Inventory no.: 1699

Colonial Indian Silver Kettle, Cutch


Rare Chased Silver Kettle, Burner & Stand

Cutch India

circa 1870

height: 36cm, width: 24cm, weight: 1,575g

This spirit kettle with a stand and burner, all in unmarked, solid silver, is from Cutch. It is remarkably rare – no other example of a Cutch-made spirit kettle set is known. Nineteenth century Chinese export silver examples made for the European market in Canton and Shanghai are well known however. But this example appears to be a one-off, perhaps having been commissioned. The form of the teapot suggests that the maker based it on a Chinese export silver example rather than on a European-made prototype.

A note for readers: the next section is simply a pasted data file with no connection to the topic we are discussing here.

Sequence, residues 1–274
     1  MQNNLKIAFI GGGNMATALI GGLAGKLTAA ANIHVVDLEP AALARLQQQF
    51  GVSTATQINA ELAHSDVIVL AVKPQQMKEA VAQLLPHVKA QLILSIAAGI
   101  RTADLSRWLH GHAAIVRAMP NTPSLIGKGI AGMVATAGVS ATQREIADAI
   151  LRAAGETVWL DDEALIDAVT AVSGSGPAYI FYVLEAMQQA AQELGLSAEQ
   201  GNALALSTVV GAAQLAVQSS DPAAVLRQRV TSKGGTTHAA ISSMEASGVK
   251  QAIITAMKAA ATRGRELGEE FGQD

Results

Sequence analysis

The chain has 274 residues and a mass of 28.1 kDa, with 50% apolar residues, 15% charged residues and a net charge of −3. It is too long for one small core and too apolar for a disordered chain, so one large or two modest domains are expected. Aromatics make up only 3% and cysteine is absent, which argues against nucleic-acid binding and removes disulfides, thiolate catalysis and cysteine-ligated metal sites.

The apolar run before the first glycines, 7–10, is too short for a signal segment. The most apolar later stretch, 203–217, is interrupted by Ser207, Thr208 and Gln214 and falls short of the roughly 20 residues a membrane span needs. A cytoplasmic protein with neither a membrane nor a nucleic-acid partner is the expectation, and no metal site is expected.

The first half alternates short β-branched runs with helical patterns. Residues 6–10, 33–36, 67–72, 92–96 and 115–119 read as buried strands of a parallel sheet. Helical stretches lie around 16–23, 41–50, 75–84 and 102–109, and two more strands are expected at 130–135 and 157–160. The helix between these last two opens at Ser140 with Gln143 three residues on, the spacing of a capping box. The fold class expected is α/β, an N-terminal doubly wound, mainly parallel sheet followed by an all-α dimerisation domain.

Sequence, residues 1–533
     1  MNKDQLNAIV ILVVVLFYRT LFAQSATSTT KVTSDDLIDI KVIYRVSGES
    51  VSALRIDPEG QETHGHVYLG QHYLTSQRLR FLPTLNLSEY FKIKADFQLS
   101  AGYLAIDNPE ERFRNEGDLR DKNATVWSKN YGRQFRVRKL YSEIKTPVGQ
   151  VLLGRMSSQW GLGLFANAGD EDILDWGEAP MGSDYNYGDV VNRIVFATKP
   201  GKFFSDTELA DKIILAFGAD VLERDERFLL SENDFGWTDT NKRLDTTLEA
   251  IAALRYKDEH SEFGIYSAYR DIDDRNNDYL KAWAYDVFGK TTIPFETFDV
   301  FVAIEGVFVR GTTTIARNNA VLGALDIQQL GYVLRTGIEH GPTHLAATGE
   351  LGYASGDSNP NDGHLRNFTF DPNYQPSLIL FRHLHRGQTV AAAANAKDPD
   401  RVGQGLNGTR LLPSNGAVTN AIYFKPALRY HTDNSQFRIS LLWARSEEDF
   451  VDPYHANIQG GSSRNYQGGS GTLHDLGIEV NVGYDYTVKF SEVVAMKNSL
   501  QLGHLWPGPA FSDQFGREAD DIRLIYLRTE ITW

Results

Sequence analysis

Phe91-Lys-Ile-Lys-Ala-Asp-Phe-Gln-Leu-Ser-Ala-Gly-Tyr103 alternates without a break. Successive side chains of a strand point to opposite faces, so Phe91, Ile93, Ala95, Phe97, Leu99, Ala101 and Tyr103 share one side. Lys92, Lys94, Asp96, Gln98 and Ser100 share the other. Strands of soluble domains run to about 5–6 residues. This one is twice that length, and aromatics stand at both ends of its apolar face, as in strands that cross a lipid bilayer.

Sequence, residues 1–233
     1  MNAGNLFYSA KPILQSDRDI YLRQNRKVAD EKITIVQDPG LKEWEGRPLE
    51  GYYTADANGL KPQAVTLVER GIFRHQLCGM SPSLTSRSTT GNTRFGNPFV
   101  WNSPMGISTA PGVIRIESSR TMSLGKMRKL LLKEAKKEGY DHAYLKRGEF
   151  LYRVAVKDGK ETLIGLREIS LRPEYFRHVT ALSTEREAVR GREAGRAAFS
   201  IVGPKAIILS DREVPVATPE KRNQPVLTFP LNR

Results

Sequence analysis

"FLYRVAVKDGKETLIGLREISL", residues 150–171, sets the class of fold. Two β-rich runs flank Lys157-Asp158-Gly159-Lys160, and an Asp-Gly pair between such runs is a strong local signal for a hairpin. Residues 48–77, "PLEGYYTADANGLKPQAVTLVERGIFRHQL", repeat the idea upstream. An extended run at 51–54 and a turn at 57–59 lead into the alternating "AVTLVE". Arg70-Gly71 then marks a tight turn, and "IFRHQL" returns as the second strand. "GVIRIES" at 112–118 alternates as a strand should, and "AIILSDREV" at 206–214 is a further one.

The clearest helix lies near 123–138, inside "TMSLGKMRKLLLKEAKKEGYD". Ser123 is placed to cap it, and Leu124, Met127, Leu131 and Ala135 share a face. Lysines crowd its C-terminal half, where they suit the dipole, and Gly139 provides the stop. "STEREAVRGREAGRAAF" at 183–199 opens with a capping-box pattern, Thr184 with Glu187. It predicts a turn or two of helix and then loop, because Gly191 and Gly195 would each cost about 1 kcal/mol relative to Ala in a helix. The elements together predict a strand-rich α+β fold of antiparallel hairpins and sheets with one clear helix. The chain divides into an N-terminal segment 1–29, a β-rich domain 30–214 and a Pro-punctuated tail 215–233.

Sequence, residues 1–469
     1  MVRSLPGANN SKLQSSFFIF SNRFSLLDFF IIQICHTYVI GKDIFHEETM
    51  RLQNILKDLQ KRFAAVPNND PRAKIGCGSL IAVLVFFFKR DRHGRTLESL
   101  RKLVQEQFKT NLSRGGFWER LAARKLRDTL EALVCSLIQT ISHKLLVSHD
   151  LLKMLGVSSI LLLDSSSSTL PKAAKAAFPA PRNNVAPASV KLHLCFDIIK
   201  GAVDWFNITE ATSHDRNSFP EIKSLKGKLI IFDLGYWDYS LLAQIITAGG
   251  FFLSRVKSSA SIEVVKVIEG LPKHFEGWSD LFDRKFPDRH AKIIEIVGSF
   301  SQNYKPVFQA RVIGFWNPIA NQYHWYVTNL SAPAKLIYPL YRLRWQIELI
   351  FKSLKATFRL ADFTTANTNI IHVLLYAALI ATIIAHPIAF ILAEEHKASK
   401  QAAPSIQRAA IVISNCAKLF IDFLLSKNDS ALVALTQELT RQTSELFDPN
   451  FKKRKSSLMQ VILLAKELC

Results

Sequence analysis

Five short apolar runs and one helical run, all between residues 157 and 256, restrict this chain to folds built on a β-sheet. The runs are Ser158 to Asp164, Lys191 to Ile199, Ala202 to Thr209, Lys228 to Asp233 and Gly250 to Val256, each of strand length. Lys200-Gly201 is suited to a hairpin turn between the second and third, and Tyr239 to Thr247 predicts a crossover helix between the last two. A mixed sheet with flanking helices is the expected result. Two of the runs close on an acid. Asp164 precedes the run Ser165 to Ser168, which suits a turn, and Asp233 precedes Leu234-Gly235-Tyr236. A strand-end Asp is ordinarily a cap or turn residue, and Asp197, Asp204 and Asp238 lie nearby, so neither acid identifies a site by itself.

It comprises the teapot with a prominent handle, the stand and base, and a round burner that sits in the stand. Two silver chains with pins secure the teapot to the stand. These are intact, complete and function well.

The teapot, handle, and burner are all chased with typically Islamic-inspired Cutch foliage and floral scrollwork. That on the body of the teapot is interspersed with a variety of birds. The legs of the stand are chased with acanthus leaf patterning.

The stand sits in an even, stable fashion on four feet. The hinged teapot lid which has a rounded, tiered finial, fits within the well of the teapot very snugly.

The set is in excellent condition – there are no significant dents, losses, splits or repairs.


Dehejia, V.,

Delight in Design: Indian Silver for the Raj, Mapin, 2008.

Inventory no.: 1699